Cystic Fibrosis is an inherited genetic disease that affects the lungs and digestive systems. Approximately 1 in every 2000-3000 babies is born with Cystic Fibrosis each year. A defective gene found on the 7th chromosome changes a protein that regulates the movement of salt in and out of cells, causing the body to produce unusually thick, sticky mucus that can clog the lungs and lead to life threatening lung infections, obstruct the pancreas, and stop the natural enzymes from helping the body break down and absorb food. Cystic Fibrosis does not affect mental faculty.
This autosomal recessive genetic disorder requires that both parents possess a mutative recessive gene in order to pass the disease to their child. Each child of a pair of parents both possessing the recessive gene for Cystic Fibrosis has a 25% chance of being born with no copy of a recessive gene, a 50% chance of being born with only one copy of the recessive gene, and a 25% chance of being born affected with Cystic Fibrosis.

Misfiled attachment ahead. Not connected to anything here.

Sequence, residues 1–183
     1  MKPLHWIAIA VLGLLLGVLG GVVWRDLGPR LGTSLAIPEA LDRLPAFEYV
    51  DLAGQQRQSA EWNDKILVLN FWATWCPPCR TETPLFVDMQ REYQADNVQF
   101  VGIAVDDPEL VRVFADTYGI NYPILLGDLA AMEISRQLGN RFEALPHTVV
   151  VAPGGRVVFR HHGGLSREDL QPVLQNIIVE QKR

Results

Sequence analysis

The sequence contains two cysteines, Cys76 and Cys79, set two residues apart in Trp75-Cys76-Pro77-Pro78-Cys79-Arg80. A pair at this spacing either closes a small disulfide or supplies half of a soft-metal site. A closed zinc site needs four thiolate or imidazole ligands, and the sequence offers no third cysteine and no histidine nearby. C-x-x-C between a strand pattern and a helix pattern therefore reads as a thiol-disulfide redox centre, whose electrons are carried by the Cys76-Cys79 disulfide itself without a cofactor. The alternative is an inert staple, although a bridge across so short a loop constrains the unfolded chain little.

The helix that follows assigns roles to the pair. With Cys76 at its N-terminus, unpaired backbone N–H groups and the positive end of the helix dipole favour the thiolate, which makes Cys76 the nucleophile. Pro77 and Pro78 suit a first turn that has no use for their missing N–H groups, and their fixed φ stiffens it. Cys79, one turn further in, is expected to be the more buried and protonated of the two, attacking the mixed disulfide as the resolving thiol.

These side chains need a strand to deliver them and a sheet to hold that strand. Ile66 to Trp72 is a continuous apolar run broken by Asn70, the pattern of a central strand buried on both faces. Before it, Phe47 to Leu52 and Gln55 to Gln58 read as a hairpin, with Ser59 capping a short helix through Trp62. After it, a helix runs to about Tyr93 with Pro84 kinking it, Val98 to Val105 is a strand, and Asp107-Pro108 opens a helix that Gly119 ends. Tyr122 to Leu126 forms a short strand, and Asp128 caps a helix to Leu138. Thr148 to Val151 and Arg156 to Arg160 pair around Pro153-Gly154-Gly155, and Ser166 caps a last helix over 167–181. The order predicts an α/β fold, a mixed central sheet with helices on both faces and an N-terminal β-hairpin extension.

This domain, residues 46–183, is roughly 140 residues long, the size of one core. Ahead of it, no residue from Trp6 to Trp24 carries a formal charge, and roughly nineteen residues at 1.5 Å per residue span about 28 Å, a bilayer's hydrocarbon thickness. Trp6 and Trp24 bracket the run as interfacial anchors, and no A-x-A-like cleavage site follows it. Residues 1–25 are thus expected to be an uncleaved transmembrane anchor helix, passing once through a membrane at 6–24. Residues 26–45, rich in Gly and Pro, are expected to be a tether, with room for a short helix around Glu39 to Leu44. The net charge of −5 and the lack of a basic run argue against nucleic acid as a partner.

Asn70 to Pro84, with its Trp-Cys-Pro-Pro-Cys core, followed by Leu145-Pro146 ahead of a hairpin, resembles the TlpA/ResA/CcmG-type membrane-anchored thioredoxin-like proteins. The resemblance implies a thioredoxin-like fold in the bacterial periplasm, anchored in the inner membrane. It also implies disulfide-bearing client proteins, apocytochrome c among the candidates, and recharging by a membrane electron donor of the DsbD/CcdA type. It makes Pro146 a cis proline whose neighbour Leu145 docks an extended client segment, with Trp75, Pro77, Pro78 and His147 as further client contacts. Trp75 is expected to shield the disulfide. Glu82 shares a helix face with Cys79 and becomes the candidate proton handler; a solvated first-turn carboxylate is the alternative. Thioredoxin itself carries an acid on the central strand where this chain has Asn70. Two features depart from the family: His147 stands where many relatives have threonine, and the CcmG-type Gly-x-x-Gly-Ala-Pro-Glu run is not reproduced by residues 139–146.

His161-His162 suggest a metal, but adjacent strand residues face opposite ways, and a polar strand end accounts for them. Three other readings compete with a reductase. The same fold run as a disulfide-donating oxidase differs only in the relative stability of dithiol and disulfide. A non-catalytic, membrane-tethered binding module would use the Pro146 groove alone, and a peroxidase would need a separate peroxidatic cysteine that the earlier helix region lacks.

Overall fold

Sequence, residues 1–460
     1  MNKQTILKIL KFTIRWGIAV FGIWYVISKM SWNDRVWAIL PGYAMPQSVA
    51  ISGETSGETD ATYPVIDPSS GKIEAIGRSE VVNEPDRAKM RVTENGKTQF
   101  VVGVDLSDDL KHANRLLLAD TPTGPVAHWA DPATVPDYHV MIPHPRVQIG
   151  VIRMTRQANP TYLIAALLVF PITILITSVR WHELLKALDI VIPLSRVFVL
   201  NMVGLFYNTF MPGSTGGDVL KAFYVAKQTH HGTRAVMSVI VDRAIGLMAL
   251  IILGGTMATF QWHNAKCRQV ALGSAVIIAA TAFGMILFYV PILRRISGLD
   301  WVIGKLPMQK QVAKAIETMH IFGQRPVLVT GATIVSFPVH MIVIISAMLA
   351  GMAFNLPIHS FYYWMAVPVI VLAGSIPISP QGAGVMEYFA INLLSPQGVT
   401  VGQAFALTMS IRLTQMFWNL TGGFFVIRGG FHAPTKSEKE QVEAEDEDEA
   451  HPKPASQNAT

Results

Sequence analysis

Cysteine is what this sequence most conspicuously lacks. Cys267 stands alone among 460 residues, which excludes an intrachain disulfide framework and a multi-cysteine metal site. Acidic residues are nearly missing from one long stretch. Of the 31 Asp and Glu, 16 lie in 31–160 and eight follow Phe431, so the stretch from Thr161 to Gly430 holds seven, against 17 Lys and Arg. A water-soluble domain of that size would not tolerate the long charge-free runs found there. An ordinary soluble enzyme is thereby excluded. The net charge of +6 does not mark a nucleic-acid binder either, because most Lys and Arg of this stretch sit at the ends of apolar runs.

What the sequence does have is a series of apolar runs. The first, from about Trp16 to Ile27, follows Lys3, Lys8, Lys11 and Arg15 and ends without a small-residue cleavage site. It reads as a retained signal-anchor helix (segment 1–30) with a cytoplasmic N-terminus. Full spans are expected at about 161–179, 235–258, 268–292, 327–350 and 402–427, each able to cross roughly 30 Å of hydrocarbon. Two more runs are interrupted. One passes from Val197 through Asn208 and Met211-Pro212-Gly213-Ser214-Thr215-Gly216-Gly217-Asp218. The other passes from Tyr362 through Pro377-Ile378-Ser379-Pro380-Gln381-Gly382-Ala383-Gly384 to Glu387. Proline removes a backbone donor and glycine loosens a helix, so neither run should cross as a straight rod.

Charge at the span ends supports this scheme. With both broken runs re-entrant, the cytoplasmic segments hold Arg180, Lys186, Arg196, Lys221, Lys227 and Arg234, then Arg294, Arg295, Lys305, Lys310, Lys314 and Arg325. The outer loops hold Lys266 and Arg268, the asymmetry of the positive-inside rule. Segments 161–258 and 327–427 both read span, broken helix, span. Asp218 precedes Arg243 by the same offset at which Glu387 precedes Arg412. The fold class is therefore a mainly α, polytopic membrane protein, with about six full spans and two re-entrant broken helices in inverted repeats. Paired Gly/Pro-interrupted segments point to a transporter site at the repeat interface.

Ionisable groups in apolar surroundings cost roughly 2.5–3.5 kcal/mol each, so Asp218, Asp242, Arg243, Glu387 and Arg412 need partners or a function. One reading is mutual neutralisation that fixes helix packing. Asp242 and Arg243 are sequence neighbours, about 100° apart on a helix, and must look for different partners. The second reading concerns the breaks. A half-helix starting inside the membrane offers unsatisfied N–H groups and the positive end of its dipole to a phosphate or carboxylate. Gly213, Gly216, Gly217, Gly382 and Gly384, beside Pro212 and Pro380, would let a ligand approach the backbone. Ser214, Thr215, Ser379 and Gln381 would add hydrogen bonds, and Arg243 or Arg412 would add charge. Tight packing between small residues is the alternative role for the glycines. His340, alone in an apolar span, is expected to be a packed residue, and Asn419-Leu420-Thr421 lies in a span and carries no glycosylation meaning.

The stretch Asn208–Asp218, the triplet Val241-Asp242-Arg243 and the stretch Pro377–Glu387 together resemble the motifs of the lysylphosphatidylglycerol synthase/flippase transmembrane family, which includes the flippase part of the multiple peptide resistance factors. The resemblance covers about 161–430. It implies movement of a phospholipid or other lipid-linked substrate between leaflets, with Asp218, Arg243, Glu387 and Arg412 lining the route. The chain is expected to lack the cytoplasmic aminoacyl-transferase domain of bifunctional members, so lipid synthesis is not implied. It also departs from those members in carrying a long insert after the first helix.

Cystic Fibrosis is fatal. Life expectancy depends upon several factors, including which genetic mutation is present and how the patient responds to treatment, antibiotics, and respiratory therapy. Though there is no guarantee of living to any age with the disease, recent improvements of screening and treatments has increased the average life expectancy of a patient with Cystic Fibrosis, and the now may reach their 20s or 30s.
For more information on Cystic Fibrosis, visit:
- Genetic Disease Foundation – Cystic Fibrosis :
- The Mayo Clinic – Cystic Fibrosis
- Mount Sinai Hospital – Cystic Fibrosis
- NCBI – Cystic Fibrosis
- March of Dimes: Cystic Fibrosis
- Wikipedia – Cystic Fibrosis